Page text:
Why do you think so?

Reading time ~ 5 minutes

Every person has his or her own worldview. Depending on and influenced by everything around us we form an individual picture about the world that surrounds us. Most of the time we don’t even realize that we are projecting our view, our opinion, our truth onto the world and make the world we experience our own, subjectively place.

Because it highly depends on our own adventures through life, everyone experiences the world in a slightly different way. If we are surrounded by people with similar upbringing and worldview, this world is very alike. So we don’t have to think about it and can accept it as given, as truth.

But if we get in contact with someone different, someone with a different upbringing, a different life story, a different worldview, the conversation changes. Suddenly there are other ideas about the world, other realities, other opinions. And that’s when we realize that maybe our own world, the world we experience every day isn’t objective, isn’t the only true world.

Some days ago I visited a Norwegian Zoo. I usually don’t like zoos because the cages are too small and you can see that the animals aren’t happy at all. But this one was different. First of all, it was huge. Instead of small cages, there were large enclosures for just a few animals. And all the animals were Norwegian. Moose, reindeer, arctic foxes, lynx, and wolves. It was a really amazing experience to see these magnificent creatures.

One special treat was to go into the wolves enclosure. We were six people with a guide and a bucket full of meat. We went into the enclosure and sat in the middle of this big field, surrounded by trees. The guide told us that there is no guarantee that the wolves will show up. They don’t force them to come. They just encourage them with some food.

But we were lucky. Shortly, after we sat down, the wolves started to show up. Curious but very cautious they began to come closer. These wolves aren’t socialized on purpose. All three of them know people but aren’t trained to get close or interact with humans. Only because our guide threw some meat, they came as close as one meter and took the meat. But all the time you could see how anxious they were.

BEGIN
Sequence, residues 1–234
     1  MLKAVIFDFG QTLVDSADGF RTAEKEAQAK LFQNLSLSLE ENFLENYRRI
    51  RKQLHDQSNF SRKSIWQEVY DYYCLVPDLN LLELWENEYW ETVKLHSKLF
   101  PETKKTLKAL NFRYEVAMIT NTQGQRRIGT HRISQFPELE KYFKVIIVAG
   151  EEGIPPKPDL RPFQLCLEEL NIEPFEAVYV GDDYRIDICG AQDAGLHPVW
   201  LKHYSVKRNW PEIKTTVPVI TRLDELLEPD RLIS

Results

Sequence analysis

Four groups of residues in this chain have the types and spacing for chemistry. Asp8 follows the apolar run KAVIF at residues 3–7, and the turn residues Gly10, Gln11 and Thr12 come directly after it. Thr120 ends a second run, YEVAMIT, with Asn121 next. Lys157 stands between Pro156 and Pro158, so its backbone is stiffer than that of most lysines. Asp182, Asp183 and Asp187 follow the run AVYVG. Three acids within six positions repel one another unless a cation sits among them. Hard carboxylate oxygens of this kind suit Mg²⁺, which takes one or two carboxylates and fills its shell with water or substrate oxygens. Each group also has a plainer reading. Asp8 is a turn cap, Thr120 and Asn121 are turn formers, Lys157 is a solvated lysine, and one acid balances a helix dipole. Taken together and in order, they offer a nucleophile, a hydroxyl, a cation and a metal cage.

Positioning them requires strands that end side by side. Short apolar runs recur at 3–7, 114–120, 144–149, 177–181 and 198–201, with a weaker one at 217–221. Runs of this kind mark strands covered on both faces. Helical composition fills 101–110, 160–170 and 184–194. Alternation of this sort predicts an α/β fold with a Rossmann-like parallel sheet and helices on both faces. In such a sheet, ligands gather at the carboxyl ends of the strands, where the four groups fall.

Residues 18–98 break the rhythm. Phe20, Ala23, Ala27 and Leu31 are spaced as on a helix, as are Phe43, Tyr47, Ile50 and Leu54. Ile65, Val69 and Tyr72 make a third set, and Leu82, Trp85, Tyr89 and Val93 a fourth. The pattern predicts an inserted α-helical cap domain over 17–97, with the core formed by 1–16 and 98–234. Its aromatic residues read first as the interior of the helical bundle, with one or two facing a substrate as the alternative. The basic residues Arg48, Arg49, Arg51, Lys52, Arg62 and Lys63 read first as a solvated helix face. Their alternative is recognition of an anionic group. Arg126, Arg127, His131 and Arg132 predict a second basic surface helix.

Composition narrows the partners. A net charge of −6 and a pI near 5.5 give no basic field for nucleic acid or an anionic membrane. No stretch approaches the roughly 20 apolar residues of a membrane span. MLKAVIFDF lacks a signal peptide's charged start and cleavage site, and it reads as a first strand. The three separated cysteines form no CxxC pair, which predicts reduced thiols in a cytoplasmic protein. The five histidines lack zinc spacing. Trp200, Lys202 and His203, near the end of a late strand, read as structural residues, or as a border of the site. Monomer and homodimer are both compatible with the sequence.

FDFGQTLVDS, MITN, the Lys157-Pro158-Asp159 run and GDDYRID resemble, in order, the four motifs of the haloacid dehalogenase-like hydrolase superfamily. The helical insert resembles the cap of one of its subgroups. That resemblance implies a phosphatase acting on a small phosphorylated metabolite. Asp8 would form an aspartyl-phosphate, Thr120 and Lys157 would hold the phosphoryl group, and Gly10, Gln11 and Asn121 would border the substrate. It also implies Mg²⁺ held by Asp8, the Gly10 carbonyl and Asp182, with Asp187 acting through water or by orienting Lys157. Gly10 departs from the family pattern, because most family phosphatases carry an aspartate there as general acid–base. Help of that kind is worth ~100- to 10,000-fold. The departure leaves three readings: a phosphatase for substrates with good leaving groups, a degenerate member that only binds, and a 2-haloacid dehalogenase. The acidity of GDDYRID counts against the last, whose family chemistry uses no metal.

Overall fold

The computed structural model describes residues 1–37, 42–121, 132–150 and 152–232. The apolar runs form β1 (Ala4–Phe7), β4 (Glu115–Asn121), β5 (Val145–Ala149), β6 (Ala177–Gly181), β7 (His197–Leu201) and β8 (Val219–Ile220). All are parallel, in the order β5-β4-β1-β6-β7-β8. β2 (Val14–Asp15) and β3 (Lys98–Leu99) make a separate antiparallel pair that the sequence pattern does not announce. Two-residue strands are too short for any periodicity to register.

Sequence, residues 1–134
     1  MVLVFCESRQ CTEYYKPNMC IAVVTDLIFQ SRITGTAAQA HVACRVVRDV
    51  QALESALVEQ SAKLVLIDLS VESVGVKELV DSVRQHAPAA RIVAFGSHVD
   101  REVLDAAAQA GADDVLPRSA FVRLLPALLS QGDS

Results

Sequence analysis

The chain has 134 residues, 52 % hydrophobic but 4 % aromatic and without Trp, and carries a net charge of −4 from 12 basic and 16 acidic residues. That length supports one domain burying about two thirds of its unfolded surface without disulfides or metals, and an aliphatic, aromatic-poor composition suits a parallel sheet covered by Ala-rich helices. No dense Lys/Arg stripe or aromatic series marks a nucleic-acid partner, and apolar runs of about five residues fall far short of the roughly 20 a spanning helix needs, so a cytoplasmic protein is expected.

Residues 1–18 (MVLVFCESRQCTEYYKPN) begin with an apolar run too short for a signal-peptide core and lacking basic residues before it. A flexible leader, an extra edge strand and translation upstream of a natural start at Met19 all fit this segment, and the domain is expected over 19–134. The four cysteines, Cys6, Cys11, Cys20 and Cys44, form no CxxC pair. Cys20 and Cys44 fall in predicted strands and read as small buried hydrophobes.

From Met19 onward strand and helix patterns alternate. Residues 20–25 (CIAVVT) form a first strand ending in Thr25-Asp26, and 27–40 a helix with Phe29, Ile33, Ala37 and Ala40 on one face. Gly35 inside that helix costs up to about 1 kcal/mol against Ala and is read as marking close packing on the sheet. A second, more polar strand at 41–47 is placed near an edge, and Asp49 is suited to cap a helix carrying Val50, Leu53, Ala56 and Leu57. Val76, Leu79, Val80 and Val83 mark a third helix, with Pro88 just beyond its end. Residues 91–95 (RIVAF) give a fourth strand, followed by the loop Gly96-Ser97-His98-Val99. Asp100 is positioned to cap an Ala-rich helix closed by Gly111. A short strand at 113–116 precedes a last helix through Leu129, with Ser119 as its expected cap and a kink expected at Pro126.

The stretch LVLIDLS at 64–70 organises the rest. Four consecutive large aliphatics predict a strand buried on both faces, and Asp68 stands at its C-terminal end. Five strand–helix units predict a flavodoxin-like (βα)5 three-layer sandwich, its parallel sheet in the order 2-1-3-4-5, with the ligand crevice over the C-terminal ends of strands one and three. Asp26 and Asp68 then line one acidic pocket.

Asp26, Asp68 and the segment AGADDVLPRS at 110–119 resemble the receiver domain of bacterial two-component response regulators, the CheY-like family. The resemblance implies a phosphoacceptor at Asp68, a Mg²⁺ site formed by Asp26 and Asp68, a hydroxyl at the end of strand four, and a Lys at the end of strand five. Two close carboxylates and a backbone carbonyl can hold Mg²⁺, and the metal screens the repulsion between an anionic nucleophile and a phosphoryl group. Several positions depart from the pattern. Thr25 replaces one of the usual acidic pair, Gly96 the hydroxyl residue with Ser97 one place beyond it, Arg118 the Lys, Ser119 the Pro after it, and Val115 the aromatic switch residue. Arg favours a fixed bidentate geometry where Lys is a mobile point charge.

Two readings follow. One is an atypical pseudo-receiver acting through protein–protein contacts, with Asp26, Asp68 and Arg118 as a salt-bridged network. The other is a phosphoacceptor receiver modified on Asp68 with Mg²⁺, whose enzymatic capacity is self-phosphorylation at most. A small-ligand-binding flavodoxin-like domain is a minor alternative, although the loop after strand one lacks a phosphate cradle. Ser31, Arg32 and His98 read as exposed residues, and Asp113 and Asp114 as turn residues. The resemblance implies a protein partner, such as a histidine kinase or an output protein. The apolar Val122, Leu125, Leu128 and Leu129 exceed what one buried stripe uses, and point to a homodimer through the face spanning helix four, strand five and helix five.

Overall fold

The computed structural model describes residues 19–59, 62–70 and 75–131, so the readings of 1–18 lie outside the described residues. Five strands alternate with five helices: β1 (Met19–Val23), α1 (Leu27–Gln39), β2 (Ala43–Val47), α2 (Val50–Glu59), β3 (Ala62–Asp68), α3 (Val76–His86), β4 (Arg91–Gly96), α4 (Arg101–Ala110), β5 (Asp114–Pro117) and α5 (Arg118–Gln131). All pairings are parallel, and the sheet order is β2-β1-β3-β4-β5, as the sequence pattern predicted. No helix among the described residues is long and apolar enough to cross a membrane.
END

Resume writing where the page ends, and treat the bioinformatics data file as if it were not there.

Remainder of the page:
Why am I telling you this? Because of what the guide said while we were sitting in the middle of the enclosure with wild wolves around us.

Our guide was a sixtyish woman who founded this beautiful zoo over 30 years ago. One of the things she could see all these years was that people are genuinely afraid of wolves. When there is a wolf seen in a forest most of the people are too scared to even go for their usual walk into this forest. There are a lot of stories and tales about wolves and all portrayal them as dangerous animals which kill and eat other animals and humans alike.

But our guide told us another perspective. She was fortune enough to live with Eskimos for several months. And there she learned that wolves aren’t feared at all. Eskimos believe that wolves are on earth to clean up. That means wolves are here to clean the world from sick animals. Wolves don’t hunt healthy animals, they only take ill or old ones.

I really like this example of a different worldview. Because the Eskimo learned that wolves only kill sick and old animals, they don’t fear them. Because western culture portrays wolves as dangerous, we fear them.

And this lesson from this amazing woman in the middle of the enclosure, surrounded by these gracious animals remained with me. How many assumptions about the world do we have that are based on tales, on stories, on beliefs that were given to us?

We assume to know the world that surrounds us, but if we are honest, we see that we mostly know what we have been told. Cultural and social behaviors are based on rules and guidelines that are defined by humans. These humans have a particular background with specific stories and experiences.

Everyone has his or her reasons to believe what they are believing, to fear what they are fearing, to do what they are doing. But instead of just following these given cultural and social rules, norms, and guidelines we sometimes should think about the why.

Why do we do certain things in a certain way? Why are we behaving like we are behaving? Why do we fear what we fear? Is there a reason? Whose reason is it and is it my reason too?

If we start to realize that everyone is influenced by millions and millions of things without even knowing it, we can also realize that there is more than we are aware of, more than we understand and more than our own view. Maybe we are wrong, maybe we are right, maybe there isn’t a right or wrong. Maybe we will never know. But in realizing that there isn’t only one truth, we can start exploring the world and find what’s our own truth, not the truth we’ve been told so far.

And by realizing that everyone has his or her own subjective truth, we can start to understand others, to respect their view and help them understand ours. Because there isn’t one truth, there isn’t one right or wrong way. The world can be an amazing collection of human beings that live in harmony and create a fascinating future together.